In his Kotesol presentation, Ralph Cousins talked about the 4 stages of teaching.
1. Fantasy. You think you can teach English by playing hangman and just talking to the students all class.
2. Survival. You have some strategies for teaching, but they are ineffective. You write on the board too much or use too many videos. You add up your hours and money and worry about all that stuff.
3. Mastery. You use effective strategies and engage in professional development.
4. Impact. Students actually want to learn English because of you.
When I first came to Korea, and started teaching I was clueless and stuck in Stage 1 for the first year or so. My second year, I progressed into stage 2, as I stopped playing so many games and "filling-time" and got more into the student-based thing. Like getting them talking and practicing the grammar point in a variety of ways. And the class not being all about me. And I did see a lot of improvement in my students, because (or in spite of?!) me.
Finally, it was when I got a job at a university, which entailed much more responsibility that I moved into stage 3. I started reading and blogging and talking to colleagues about how to teach ESL. I went to conferences and watched videos and learned the major schools of thought for how to do it. I started keeping a list of games and activities and things that I could do in class. I kept track of my lessons and would evaluate how they went and what I could improve on.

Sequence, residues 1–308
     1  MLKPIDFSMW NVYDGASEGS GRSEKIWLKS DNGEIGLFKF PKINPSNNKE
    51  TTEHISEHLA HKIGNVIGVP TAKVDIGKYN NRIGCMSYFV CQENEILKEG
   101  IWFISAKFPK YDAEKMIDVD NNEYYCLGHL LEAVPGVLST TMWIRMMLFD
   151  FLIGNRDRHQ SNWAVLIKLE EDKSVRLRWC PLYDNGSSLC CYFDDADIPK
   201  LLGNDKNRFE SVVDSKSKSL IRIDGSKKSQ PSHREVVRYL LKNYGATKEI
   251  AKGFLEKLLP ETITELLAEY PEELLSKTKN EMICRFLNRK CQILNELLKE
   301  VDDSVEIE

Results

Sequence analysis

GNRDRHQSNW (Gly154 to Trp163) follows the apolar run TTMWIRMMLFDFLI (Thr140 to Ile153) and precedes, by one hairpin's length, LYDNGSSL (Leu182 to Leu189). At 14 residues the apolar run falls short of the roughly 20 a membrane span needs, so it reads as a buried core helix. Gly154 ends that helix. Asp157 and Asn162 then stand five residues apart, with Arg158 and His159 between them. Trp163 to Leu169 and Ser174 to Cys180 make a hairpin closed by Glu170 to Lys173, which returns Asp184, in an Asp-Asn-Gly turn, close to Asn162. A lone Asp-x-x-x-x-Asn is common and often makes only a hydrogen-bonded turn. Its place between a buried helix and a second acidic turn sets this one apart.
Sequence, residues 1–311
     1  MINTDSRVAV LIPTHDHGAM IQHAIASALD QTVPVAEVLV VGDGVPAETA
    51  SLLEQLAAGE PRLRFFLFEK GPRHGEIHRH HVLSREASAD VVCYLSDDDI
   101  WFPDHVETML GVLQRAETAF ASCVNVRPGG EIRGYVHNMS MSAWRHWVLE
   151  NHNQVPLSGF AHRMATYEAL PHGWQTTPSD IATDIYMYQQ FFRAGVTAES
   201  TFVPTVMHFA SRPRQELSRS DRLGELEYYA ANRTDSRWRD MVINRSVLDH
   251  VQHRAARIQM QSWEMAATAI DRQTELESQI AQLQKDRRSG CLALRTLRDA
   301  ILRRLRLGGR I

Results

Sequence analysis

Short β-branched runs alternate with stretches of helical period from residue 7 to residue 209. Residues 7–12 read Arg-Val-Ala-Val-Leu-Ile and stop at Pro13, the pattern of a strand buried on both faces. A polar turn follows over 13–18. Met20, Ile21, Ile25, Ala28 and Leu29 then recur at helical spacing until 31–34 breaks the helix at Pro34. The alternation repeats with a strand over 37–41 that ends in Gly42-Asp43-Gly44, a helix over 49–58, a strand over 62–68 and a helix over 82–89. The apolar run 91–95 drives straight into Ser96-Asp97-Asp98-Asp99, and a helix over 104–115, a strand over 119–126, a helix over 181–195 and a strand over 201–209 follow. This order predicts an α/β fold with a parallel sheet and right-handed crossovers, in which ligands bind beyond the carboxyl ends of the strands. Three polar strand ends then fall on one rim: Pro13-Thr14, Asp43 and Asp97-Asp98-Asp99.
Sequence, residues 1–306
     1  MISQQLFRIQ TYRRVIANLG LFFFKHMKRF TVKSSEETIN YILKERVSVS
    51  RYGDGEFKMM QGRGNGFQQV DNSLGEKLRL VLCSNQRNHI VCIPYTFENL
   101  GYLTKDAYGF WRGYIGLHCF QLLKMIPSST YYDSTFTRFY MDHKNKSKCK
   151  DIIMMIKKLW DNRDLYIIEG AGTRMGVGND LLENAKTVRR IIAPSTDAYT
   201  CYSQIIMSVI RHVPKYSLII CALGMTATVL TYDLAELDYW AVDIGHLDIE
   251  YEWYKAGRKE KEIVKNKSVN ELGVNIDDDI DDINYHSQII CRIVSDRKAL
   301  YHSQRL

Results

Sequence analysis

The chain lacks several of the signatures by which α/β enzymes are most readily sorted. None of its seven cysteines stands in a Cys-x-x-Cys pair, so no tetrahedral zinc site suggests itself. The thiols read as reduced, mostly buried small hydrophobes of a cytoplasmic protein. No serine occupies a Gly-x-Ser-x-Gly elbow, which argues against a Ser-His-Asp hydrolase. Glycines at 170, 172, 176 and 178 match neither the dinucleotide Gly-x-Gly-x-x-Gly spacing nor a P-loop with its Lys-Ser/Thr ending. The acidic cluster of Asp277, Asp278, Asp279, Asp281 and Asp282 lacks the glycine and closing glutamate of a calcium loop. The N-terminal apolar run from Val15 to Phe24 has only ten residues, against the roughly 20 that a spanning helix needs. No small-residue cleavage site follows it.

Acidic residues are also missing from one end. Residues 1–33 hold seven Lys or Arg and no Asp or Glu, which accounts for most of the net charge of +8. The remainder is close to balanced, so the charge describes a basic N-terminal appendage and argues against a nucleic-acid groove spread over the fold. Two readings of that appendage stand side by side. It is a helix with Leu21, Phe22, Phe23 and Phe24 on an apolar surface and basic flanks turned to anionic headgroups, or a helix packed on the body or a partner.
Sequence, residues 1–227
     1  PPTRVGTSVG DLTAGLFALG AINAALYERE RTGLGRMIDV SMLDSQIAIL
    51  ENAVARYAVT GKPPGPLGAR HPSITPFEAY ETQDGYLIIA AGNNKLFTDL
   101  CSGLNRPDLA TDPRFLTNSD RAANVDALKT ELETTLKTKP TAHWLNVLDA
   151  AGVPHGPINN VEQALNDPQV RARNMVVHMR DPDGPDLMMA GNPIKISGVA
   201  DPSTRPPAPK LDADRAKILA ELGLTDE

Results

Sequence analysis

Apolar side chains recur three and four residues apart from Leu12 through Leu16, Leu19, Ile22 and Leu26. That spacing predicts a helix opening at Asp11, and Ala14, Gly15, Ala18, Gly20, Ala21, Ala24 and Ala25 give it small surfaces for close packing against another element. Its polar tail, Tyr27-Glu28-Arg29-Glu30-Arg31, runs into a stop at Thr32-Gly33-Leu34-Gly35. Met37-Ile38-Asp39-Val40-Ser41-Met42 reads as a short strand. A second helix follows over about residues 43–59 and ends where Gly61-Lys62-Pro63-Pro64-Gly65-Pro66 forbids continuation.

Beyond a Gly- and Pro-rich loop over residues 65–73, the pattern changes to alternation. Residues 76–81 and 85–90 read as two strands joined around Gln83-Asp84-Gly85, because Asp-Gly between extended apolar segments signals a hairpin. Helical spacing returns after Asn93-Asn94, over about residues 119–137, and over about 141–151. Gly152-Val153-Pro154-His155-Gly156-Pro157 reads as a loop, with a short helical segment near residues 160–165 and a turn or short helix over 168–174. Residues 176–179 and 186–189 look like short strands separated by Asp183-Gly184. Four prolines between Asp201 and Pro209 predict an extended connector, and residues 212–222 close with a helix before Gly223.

And stage 4? I've seen in some classes when I see the students on a more frequent basis (like 4 days a week, or everyday for 3 weeks in a camp setting) that I have impacted some students on a deeper level. But, those times are minimal. However, I don't see myself falling back into stage 2 very often and I never go back to stage 1. But how to spend more time in stage 4? That's the challenge I guess.